Soaproot Brush Making

Soap, Brushes, Glue and more

In the old days, Ohlones and Miwoks made “soaproot brushes” from the bulbs of soap plant (Chlorogalum pomeridianum). They used these like miniature whisk brooms to clean baskets and mortar stones.

Ohlones and Miwoks also used the bulbs to make a detergent foam for washing and for a specialized fishing method. For food, they ate the tender, young leaves, and they roasted leaf-wrapped soap plant bulbs in hot coals in an earth-covered “pit oven.” A hair wash from the pounded soap plant stem reduced dandruff.

Ruth’s daughter Ramona fell in love with soaproot brush making in 1996, when she first experienced this ancient skill during a series of workshops conducted for ten Ohlones interested in sharing their history and cultures on a part-time basis at Coyote Hills Regional Park in Fremont.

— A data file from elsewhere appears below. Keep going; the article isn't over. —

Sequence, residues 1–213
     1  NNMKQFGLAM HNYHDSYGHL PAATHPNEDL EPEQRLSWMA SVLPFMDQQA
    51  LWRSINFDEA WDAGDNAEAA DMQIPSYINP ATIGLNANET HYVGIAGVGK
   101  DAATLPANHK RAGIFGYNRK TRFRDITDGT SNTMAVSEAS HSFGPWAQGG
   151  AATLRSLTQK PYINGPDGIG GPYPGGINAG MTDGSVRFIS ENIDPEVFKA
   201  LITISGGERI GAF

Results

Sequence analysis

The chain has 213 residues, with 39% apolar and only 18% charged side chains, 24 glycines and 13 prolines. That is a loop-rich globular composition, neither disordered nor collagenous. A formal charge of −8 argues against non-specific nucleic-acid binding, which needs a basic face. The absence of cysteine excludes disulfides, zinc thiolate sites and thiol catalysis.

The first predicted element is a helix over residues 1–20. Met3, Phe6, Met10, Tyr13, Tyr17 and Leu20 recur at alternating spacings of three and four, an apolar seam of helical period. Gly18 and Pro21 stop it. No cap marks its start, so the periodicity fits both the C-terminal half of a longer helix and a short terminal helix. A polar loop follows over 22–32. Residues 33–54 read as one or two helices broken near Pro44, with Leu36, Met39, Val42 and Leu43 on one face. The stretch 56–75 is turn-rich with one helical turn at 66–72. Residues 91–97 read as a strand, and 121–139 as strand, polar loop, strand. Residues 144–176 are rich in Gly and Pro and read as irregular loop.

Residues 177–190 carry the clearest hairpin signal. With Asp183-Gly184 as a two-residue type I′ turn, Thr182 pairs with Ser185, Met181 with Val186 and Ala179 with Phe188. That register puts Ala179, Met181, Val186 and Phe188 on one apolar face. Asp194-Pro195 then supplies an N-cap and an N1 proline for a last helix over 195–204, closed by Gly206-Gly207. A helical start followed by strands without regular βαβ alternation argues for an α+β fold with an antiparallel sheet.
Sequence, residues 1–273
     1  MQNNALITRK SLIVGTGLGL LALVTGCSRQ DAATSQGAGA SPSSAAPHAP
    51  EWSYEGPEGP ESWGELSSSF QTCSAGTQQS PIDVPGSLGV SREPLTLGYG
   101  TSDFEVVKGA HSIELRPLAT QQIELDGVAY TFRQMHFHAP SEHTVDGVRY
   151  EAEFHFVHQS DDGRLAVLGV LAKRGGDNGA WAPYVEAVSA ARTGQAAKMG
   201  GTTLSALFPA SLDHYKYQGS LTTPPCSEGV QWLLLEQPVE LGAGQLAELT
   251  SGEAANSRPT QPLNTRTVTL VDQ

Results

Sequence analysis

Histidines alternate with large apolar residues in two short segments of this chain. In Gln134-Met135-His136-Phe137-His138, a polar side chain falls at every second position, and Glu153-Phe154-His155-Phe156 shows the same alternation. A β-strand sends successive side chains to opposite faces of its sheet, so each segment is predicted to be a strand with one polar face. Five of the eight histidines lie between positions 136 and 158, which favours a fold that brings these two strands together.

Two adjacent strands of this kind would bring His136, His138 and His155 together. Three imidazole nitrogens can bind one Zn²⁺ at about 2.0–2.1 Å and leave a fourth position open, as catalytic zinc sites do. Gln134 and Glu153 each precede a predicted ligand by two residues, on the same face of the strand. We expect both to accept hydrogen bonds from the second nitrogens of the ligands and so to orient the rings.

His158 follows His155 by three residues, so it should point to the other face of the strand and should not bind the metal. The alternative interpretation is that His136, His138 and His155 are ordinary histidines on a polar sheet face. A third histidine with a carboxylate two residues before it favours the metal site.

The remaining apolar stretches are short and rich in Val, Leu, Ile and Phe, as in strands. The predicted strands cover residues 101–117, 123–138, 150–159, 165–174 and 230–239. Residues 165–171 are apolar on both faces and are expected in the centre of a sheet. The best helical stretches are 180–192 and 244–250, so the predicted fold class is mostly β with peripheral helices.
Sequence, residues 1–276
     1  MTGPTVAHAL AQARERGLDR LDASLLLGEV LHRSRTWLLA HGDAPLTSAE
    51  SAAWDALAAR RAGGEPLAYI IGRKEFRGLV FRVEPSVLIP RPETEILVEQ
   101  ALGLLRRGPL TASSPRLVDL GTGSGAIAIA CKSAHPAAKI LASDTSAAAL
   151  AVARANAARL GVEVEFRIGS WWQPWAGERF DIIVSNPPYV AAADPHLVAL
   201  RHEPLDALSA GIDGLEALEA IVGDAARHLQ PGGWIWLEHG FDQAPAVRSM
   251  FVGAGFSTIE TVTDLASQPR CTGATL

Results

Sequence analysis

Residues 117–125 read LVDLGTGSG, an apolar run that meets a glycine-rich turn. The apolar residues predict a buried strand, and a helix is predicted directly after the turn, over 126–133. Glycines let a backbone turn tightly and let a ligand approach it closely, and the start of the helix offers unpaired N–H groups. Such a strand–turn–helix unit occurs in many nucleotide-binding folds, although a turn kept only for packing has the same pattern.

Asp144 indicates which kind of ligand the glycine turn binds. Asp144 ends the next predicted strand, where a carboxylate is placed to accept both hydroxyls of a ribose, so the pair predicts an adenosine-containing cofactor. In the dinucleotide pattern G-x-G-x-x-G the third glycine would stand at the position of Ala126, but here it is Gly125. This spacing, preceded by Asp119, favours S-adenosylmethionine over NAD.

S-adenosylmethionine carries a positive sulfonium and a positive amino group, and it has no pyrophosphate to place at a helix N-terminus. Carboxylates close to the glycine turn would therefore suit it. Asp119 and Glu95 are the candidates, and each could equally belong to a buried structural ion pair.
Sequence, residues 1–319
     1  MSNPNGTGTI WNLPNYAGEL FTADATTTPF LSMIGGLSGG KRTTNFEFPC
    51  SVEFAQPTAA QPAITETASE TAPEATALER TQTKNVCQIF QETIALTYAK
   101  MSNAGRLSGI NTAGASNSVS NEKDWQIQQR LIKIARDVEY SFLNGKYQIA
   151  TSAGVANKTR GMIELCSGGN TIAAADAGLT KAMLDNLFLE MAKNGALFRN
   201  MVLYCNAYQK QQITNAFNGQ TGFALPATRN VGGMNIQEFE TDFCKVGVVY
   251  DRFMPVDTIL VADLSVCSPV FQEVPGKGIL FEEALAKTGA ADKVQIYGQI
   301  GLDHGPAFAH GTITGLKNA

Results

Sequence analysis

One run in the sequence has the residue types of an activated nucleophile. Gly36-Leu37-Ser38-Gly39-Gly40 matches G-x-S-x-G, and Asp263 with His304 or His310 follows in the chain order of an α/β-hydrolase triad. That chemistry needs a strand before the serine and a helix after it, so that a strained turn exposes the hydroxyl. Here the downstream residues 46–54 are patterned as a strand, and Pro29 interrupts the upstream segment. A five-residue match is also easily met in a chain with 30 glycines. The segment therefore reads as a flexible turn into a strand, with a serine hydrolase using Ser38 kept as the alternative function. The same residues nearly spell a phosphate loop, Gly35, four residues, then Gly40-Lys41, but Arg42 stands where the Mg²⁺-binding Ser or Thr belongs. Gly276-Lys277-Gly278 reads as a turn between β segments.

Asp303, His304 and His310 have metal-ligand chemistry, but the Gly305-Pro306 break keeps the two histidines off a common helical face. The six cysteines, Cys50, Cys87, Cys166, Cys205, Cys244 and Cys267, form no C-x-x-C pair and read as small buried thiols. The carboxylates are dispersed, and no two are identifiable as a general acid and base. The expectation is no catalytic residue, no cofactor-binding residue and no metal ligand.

small soap rootWhen Ramona completed her first brush, she became the first Jalquin/Saclan Ohlone/Bay Miwok to make one since about 1776, when colonization began to upend the ancestral Jalquin and Saclan worlds. After Ramona mastered all of the processes involved in making soaproot brushes, she began to innovate some unique methods. In so doing, she became the first California Indian to make miniature soaproot brush pins and even tinier soaproot brush earrings.